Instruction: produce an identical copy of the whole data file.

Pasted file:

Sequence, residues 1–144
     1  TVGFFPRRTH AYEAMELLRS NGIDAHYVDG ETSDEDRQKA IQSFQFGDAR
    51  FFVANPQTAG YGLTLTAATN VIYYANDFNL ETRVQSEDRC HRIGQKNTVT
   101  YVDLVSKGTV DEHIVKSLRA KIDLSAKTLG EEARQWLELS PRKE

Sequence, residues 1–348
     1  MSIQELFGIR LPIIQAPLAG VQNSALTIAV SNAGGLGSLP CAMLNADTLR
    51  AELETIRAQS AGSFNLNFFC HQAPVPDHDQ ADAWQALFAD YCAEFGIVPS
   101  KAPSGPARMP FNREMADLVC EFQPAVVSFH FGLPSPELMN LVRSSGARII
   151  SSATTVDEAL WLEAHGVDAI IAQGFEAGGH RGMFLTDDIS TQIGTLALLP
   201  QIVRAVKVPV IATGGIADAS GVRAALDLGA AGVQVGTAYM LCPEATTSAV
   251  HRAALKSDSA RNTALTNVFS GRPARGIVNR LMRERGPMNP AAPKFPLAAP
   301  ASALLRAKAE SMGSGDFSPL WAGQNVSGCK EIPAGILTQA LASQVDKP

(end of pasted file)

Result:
Sequence, residues 1–144
     1  TVGFFPRRTH AYEAMELLRS NGIDAHYVDG ETSDEDRQKA IQSFQFGDAR
    51  FFVANPQTAG YGLTLTAATN VIYYANDFNL ETRVQSEDRC HRIGQKNTVT
   101  YVDLVSKGTV DEHIVKSLRA KIDLSAKTLG EEARQWLELS PRKE

Sequence, residues 1–348
     1  MSIQELFGIR LPIIQAPLAG VQNSALTIAV SNAGGLGSLP CAMLNADTLR
    51  AELETIRAQS AGSFNLNFFC HQAPVPDHDQ ADAWQALFAD YCAEFGIVPS
   101  KAPSGPARMP FNREMADLVC EFQPAVVSFH FGLPSPELMN LVRSSGARII
   151  SSATTVDEAL WLEAHGVDAI IAQGFEAGGH RGMFLTDDIS TQIGTLALLP
   201  QIVRAVKVPV IATGGIADAS GVRAALDLGA AGVQVGTAYM LCPEATTSAV
   251  HRAALKSDSA RNTALTNVFS GRPARGIVNR LMRERGPMNP AAPKFPLAAP
   301  ASALLRAKAE SMGSGDFSPL WAGQNVSGCK EIPAGILTQA LASQVDKP